Humans Returned To A Mysterious Cave Continuously For 4,500 Years Over 45,000 Years Ago, Here’s Why
Forty-five thousand years ago, Middle Stone Age humans found a cave at a limestone cliff’s base in what is now part of Ethiopia. They made the roomy cave, known in modern times as Porc-Epic, into a special type of workshop where they created the world’s first paint. Interestingly, people went on returning to the cave that served as an artist's workshop for 4,500 years, in the course of which they covered its walls in symbols and perhaps also inked their clothes and bodies.
Now, a new study published in PLOS One indicates that Porc-Epic has provided researchers with a new way to know more about the “cultural continuity in the Middle Stone Age.” The research team of paleo scientists sorted more than 4,000 pieces of ochre found in the cave. From the finding, the team has suggested that Porc-Epic is a “rare continuous record of how humans pass on rituals and knowledge across dozens of generations."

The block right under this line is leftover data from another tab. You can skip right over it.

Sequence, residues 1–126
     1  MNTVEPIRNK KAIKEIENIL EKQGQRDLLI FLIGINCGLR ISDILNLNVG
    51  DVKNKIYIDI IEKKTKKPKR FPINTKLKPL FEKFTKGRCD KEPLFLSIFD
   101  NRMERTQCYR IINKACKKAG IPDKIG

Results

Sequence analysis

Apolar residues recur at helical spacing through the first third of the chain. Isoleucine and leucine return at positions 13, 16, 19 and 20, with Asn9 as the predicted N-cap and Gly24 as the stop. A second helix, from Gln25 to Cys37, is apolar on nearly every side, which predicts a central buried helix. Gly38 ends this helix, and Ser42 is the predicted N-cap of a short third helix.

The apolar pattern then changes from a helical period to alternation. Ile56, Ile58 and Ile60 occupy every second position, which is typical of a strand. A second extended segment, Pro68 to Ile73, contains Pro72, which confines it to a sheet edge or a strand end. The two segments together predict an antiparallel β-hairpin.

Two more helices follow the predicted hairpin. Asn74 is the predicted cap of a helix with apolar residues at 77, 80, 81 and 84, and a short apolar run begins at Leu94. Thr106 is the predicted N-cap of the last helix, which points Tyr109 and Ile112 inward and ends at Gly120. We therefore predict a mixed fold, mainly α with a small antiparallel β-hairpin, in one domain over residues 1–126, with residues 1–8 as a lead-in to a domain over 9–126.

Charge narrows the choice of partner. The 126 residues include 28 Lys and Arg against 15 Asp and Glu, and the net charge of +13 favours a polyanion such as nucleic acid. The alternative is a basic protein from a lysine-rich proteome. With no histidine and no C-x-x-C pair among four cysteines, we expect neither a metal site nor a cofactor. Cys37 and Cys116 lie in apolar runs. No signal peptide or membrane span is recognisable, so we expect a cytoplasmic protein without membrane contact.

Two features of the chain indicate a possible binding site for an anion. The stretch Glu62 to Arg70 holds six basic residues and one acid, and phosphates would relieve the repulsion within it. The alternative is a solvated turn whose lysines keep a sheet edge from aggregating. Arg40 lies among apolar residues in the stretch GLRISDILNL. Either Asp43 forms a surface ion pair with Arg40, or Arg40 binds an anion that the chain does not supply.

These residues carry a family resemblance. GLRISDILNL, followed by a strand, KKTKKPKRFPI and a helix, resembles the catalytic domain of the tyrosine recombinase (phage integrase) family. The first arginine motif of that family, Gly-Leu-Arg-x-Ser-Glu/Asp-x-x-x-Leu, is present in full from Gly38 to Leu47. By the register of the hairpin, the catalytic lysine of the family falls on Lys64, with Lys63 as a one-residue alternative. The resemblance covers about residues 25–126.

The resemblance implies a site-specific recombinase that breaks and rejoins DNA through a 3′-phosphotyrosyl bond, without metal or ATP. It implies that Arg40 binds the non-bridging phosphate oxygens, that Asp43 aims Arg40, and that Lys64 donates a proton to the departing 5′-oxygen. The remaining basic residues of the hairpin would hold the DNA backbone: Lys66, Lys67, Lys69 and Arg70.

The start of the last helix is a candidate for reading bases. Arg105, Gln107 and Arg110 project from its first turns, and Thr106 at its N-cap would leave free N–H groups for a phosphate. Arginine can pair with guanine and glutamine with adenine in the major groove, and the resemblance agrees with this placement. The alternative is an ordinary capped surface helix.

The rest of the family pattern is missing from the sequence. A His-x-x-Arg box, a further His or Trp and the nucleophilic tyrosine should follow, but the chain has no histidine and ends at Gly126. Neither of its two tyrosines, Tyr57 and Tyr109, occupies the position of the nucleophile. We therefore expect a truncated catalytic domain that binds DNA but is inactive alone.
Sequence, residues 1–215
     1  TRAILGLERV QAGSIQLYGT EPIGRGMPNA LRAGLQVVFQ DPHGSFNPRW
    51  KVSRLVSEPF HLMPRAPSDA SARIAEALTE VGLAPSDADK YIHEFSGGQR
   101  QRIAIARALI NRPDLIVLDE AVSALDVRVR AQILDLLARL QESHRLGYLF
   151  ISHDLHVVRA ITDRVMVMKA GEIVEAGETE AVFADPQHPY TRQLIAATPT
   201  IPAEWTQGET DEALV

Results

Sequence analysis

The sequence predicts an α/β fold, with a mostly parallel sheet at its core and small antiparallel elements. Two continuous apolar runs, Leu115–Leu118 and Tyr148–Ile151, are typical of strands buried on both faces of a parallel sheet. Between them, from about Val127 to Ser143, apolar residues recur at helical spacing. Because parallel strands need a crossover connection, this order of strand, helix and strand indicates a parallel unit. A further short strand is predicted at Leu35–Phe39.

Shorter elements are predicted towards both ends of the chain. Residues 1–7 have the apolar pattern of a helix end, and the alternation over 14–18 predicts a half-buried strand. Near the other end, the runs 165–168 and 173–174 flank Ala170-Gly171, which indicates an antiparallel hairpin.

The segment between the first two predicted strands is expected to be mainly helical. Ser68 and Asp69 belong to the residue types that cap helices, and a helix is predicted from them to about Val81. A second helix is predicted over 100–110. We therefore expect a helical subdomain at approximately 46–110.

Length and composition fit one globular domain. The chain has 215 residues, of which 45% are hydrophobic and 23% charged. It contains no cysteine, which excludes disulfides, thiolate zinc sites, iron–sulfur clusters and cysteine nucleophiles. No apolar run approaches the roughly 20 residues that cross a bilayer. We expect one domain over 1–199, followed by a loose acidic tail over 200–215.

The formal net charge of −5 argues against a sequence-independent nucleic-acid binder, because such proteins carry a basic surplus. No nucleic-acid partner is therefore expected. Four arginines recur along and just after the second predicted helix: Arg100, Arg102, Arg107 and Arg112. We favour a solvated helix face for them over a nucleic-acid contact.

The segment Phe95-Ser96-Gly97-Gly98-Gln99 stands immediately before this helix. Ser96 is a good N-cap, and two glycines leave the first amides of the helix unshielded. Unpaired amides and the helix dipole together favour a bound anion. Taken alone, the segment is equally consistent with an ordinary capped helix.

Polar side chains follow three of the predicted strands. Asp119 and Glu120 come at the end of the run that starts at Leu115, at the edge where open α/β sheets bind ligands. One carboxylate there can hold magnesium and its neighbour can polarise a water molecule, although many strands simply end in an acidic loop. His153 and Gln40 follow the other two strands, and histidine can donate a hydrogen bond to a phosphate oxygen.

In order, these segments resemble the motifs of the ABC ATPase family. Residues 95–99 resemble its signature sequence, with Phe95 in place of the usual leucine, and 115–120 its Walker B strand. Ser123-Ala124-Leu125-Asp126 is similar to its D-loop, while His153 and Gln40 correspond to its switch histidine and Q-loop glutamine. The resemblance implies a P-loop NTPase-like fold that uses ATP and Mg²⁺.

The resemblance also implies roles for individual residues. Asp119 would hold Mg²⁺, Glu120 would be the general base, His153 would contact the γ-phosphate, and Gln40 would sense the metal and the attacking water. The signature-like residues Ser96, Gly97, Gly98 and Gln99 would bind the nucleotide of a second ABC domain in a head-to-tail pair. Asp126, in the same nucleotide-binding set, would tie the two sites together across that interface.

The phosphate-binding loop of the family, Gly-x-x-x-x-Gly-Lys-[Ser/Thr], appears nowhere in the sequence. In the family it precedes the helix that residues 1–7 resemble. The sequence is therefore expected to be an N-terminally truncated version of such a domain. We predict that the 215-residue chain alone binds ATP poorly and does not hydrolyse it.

According to Ars Technica, the scientists noted that the techniques used to powder the rocks were best suited for art and decoration. Moreover, in the course of 4,500 years, there were changes in the processes used to make the rock powder as well in color choices.
Around 43,000 to 42,000 years ago, during the midpoint of the cave’s use, there was a marked uptick in the ochre amount processed. One of Porc-Epic's great mysteries for scientists is what happened during that peak period when a large number of different shades of ochre was produced, which also indicated that more people were working in the cave. Researchers believe that a change in the environment that made the area hospitable for larger populations or an increased demand in ochre could have contributed to this.
However, what makes the study most incredulous for the researchers is the lack of change, where humans used the cave to create the same type of reddish rocks over four millennia. The team wonders if this is because those Middle Stone Age people perceived colors differently than the modern man.